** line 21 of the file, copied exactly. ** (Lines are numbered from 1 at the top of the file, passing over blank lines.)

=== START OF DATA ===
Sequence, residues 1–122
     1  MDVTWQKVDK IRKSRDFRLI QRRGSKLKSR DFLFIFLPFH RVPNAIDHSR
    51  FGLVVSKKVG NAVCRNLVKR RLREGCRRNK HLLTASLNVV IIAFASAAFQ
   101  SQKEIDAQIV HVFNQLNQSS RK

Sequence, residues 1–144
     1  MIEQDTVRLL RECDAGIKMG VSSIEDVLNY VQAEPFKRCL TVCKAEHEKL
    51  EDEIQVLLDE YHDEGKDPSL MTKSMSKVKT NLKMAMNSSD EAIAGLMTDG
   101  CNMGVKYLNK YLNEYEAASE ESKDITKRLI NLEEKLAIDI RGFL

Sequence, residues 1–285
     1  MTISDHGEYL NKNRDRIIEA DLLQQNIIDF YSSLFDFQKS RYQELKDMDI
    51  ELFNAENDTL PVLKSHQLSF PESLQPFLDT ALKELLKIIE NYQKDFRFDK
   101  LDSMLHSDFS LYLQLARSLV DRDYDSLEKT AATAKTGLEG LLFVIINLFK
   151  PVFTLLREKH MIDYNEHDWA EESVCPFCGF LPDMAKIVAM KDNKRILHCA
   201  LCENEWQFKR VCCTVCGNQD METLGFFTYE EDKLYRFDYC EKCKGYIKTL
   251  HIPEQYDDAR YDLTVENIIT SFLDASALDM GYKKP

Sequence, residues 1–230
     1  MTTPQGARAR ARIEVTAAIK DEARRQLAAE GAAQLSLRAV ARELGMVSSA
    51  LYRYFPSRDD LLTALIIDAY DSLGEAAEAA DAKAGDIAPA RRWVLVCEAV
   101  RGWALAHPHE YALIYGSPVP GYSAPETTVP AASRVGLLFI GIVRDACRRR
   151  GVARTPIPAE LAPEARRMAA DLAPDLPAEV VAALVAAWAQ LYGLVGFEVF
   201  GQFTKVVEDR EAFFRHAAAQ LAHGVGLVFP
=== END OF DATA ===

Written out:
   201  GQFTKVVEDR EAFFRHAAAQ LAHGVGLVFP